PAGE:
--kiloran

And the secondary mirror has now been deployed
https://www.bbc.co.uk/news/science-environment-59885687
Incredible engineering
But the engineers and scientists at NASA must still be on tenterhooks


Unfolding now completed.

https://www.theguardian.com/science/2022/jan/08/nasa-engineers-complete-the-unfolding-of-the-james-webb-space-telescope

Nasa engineers yesterday completed the final unfolding of the huge primary mirror of the agency’s James Webb space telescope. The manoeuvre was the final step of the $10bn observatory’s two-week deployment phase that began with its launch on Christmas Day.
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And this was followed up yesterday when engineers released the final, second segment of mirrors which slotted into the mirror’s central core, thus completing the telescope’s vast 6.5 metre diameter mirror. Last night engineers were completing the final latching manoeuvres that will hold this last segment in place.


But it will still be a while before it is finally in position and calibrated so that it is able to start work

The James Webb, named after a former Nasa administrator, still has to travel 400,000 miles to its destination and will then need five more months for its instruments to be carefully calibrated.

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Re: James Webb Telescope

#471537

Postby kiloran » January 9th, 2022, 12:51 pm

So far, so good.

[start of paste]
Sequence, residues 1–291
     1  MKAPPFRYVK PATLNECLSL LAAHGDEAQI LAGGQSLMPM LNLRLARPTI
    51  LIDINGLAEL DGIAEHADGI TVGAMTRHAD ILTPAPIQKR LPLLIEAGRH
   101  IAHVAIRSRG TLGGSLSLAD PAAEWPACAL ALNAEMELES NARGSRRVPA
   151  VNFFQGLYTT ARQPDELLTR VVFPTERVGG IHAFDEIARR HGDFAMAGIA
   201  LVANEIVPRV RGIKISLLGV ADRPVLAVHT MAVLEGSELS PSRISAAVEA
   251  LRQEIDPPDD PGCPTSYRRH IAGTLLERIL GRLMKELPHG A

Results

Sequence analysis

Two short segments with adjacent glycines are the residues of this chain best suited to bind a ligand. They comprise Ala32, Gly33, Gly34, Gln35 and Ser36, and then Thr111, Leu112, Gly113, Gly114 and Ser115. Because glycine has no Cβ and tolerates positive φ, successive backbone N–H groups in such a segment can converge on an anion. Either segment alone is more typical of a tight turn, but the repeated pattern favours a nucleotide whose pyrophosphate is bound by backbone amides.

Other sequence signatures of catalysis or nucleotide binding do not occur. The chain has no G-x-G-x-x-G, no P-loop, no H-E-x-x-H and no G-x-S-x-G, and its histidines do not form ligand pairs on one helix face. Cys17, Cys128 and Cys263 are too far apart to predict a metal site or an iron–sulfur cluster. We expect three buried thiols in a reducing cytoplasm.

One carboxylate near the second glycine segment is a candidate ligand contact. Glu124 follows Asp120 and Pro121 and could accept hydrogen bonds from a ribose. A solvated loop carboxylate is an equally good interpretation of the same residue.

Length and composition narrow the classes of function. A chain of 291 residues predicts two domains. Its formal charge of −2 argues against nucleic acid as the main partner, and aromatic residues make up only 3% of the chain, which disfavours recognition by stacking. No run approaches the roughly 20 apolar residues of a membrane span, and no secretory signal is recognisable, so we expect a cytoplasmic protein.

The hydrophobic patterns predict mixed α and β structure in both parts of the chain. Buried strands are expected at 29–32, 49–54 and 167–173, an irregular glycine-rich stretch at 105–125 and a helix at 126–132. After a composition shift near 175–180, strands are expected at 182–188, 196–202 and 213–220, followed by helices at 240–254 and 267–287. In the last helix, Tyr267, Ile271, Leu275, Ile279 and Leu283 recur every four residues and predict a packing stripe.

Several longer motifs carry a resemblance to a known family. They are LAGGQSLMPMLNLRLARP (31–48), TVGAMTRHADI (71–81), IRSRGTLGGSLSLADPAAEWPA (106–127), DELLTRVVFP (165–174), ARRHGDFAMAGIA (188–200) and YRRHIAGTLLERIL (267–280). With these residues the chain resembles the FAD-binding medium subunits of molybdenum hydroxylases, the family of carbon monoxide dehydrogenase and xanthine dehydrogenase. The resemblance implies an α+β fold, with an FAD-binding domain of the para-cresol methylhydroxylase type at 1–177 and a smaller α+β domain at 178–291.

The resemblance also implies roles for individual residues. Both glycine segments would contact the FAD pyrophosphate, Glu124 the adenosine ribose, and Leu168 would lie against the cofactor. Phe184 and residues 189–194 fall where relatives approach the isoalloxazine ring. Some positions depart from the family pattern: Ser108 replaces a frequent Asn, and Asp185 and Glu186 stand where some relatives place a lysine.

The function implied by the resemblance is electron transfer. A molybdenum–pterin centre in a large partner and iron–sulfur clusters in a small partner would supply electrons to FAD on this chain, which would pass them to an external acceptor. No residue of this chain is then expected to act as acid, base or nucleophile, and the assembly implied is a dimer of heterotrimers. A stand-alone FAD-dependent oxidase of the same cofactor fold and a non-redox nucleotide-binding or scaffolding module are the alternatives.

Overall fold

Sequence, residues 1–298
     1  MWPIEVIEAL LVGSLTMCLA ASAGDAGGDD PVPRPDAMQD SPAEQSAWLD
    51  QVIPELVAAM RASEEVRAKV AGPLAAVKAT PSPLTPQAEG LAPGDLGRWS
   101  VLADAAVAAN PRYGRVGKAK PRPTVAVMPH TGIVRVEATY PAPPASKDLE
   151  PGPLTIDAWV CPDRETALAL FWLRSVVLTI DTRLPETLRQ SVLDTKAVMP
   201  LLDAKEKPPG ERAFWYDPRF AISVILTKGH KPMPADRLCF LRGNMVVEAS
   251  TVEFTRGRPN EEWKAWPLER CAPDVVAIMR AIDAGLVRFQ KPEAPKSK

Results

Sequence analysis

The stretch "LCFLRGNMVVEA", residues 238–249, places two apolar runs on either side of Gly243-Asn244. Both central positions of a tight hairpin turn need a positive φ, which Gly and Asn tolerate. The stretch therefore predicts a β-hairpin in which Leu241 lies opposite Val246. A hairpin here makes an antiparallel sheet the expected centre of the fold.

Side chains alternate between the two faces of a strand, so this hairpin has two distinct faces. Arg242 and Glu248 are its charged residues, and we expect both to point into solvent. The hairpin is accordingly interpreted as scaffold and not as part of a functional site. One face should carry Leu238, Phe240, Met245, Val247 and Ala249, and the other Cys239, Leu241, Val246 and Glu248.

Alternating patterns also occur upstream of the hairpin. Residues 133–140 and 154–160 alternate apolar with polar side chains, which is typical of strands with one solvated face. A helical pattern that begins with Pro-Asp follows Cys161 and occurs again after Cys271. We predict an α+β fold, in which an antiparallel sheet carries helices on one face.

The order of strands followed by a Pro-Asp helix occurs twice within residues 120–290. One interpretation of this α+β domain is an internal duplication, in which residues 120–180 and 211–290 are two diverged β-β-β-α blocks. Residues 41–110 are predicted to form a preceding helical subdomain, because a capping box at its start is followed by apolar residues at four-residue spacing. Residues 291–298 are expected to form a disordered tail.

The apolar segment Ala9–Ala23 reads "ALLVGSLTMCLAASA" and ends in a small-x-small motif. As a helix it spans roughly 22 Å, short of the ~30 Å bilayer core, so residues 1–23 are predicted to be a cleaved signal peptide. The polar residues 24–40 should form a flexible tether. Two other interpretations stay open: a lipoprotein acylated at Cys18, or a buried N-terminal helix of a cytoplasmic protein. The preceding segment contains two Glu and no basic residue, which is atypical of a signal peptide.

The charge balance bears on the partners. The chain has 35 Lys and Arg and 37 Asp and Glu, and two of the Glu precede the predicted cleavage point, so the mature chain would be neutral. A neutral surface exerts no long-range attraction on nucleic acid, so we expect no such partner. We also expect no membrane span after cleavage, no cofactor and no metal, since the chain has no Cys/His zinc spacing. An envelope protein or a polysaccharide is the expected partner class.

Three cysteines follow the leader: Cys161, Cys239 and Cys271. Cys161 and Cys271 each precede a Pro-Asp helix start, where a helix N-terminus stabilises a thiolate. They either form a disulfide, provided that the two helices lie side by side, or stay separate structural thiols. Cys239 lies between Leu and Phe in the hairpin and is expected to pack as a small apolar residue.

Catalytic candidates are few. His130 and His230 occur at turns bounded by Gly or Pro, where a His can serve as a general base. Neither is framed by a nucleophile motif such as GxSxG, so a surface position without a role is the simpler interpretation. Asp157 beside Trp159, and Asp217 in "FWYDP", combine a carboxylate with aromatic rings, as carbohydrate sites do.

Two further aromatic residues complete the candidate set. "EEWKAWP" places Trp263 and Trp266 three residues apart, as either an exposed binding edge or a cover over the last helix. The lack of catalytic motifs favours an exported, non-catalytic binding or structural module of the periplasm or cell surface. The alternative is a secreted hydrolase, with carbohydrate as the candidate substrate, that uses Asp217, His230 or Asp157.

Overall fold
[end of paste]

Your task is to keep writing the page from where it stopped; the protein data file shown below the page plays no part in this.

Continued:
Now how long before they discover that the mirror has been ground to the wrong shape? :evil:

--kiloran

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Re: James Webb Telescope

#471540

Postby ReformedCharacter » January 9th, 2022, 1:00 pm

kiloran wrote:So far, so good.

Now how long before they discover that the mirror has been ground to the wrong shape? :evil:

--kiloran

They have a cunning plan, or at least a cunning design - the curvature is adjustable:

https://webb.nasa.gov/content/observatory/ote/mirrors/index.html

RC

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Re: James Webb Telescope

#471544

Postby kiloran » January 9th, 2022, 1:35 pm

ReformedCharacter wrote:
kiloran wrote:So far, so good.

Now how long before they discover that the mirror has been ground to the wrong shape? :evil:

--kiloran

They have a cunning plan, or at least a cunning design - the curvature is adjustable:

https://webb.nasa.gov/content/observatory/ote/mirrors/index.html

RC

Ah, but have they planned for the adjustment to be in imperial or metric units? Or a mixture? :)
It's a $10B project, there just has to be a schoolboy error somewhere

--kiloran

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Re: James Webb Telescope

#471549

Postby mc2fool » January 9th, 2022, 2:06 pm

ReformedCharacter wrote:
kiloran wrote:So far, so good.

Now how long before they discover that the mirror has been ground to the wrong shape? :evil:

--kiloran

They have a cunning plan, or at least a cunning design - the curvature is adjustable:

https://webb.nasa.gov/content/observatory/ote/mirrors/index.html

RC

The alignment process of which, according to the final video at that link, will take "several months to complete"!